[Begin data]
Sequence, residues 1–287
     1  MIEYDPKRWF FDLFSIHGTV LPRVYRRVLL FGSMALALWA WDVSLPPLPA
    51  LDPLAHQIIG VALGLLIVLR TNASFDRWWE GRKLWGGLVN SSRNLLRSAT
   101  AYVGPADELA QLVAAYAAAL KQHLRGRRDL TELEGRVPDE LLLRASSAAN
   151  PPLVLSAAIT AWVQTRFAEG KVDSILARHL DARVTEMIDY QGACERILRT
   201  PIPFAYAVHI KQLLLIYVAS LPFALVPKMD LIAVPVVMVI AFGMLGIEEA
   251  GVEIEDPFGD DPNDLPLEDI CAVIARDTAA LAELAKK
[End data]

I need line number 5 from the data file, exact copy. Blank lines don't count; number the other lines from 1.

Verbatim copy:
   151  PPLVLSAAIT AWVQTRFAEG KVDSILARHL DARVTEMIDY QGACERILRT